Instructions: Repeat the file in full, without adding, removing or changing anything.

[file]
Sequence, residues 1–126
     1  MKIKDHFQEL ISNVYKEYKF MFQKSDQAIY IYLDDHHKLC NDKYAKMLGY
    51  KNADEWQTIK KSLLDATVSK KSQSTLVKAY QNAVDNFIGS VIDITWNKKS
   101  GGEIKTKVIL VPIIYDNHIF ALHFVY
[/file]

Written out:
Sequence, residues 1–126
     1  MKIKDHFQEL ISNVYKEYKF MFQKSDQAIY IYLDDHHKLC NDKYAKMLGY
    51  KNADEWQTIK KSLLDATVSK KSQSTLVKAY QNAVDNFIGS VIDITWNKKS
   101  GGEIKTKVIL VPIIYDNHIF ALHFVY